Lessons Learned: Two Months as a Crypto Newbie

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Lessons Learned: Two Months as a Crypto Newbie

This post is to share my experience over the past few months as a cryptocurrency newbie. I'm one of many new members who joined r/cc after WSB, $GME, and dogecoin garnered massive media attention. My general interest in technology, and discretionary income, means I'm the perfect idiot who has no idea what I'm doing while at the same time being incredibly curious. I don't think I'm alone. I think I'm like a lot of newbies around here. So here's a newbie's perspective. Veterans who have been around for years through gains and losses, heartache and celebration, maybe forget what it was like to new once. I hope new people read this and realize they're not alone. I hope leaders in this sub read it and remember to be kind to the newbies.

Doge – the beginning
I first got interested in doge in 2014. I'd heard of Bitcoin, didn't think much of it, and at the time I was barely making it financially. I didn't have extra money to throw at unknown tech, and nobody I knew thought Bitcoin was going to be anything other than an interesting idea. I was curious though and set up a mining rig. I mined about 5,000 doge way back then, put it in a wallet, and forgot about it. That experience taught me blockchain basics. It was fascinating, but there was little wide adoption and it seemed like an academic pursuit rather than a practical one. Life put me on another path, and my exposure to blockchain was limited to the same old jokes on Twitter. How blockchain was buzzword central, every new project used it, and yet it meant nothing at the same time. It was tech bro central mansplaining why blockchain was the future, and no one wanted to listen. I pretty much didn't think about crypto or blockchain again until 2021.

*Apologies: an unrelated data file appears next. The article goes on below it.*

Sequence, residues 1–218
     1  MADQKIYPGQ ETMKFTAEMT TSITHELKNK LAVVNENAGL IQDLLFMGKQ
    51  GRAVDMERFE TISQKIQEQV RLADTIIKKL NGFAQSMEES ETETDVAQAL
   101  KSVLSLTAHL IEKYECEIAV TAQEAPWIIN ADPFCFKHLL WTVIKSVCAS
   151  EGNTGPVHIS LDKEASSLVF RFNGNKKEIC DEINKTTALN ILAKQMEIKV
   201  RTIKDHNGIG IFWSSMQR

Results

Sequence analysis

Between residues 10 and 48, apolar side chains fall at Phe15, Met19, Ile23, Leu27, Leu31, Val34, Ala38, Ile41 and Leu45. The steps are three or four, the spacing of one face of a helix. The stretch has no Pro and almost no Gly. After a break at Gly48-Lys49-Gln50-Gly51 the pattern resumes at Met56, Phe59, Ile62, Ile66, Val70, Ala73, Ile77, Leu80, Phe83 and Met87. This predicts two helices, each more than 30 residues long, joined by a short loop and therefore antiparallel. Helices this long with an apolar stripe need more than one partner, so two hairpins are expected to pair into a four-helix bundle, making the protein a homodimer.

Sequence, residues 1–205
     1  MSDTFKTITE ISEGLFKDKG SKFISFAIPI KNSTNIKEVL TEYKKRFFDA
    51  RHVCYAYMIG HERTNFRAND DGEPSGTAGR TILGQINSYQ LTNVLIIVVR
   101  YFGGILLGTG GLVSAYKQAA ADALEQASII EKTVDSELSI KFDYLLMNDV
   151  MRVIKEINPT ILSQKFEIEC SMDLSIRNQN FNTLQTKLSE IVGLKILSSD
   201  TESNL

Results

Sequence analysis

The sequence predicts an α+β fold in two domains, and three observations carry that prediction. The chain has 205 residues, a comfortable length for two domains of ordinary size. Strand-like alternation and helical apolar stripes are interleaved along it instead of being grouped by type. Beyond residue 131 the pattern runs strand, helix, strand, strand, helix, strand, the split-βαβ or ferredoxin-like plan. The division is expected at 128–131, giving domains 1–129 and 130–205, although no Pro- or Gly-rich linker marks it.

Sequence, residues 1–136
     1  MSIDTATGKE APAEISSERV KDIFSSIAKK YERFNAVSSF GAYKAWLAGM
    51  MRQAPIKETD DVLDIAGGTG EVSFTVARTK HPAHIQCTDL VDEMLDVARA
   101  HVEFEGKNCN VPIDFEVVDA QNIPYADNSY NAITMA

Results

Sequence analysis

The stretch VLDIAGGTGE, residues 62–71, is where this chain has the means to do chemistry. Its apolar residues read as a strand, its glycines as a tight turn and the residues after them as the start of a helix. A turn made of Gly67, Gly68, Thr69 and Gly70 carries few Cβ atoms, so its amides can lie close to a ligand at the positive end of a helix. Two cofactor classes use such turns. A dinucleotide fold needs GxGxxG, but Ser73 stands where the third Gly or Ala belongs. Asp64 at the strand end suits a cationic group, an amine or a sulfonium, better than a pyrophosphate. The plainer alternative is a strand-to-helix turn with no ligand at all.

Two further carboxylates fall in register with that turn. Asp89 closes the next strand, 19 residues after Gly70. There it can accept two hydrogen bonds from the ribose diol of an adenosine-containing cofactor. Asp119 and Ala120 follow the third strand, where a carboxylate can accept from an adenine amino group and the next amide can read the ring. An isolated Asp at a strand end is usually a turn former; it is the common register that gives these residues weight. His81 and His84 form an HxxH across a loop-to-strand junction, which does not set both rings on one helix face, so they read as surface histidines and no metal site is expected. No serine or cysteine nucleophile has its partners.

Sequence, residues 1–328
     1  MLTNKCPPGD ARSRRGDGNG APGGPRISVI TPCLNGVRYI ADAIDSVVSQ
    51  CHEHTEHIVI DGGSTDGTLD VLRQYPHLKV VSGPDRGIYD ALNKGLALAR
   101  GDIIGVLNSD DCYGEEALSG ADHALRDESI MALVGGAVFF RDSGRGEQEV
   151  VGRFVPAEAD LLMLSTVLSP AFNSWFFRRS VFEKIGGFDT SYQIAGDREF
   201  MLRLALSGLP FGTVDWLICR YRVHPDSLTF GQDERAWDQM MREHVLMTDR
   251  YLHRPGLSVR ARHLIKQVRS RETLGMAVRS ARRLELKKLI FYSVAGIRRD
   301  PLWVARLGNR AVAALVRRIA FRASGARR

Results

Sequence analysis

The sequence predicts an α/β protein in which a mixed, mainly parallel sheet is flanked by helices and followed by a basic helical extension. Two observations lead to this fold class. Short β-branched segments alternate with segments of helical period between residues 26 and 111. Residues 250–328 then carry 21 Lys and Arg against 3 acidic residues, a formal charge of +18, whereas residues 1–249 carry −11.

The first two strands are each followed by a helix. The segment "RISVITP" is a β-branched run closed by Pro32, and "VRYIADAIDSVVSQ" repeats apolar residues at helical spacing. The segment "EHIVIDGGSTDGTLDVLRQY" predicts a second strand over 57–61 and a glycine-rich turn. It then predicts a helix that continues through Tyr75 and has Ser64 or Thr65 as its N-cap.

Old wallet
Fast forward to January 2021, dogecoin is up a lot and hits the news. Major news outlets cover the rise of dogecoin. Well alright, I know a little bit about this. But how much could it matter? I found my old wallet folders deep within an external hard drive, recovered the private key, and sent coins to a wallet. I had about $1,500 USD worth. I was blown away. Money I forgot about 7 years ago was worth something. Though I'm now much more financially stable, this was still enough money to pique my interest. I let it ride and in the next few weeks saw the price rise even further. My dogecoin was now worth around $4k USD. There was no way I thought. And considering how cavalier people were being about dogecoin in general, I considered it could go even higher. I went through the same scenarios in my head I'm sure a lot of you have. I caught the crypto bug. If this dumb shitcoin reaches x dollars then I'll have made x profit. What can I do? Pay off my student loans? Buy a car? Help out my family? This could be a monumental turning point. Really a life altering amount of money. That's when I understood people here chasing pumps, profits, the next altcoin about to 20x. People realize what that money could mean in their lives and would do almost anything to make it happen. The stock market has been good this past year, but unless you get lucky, not even close the upside of crypto. When I see people on this sub criticizing others for being "too emotional," I get what they mean but wish they were a little more kind. Making 1000% profit truly is an emotional moment if it's the difference between affording sports or music lessons or college for your kid, or not.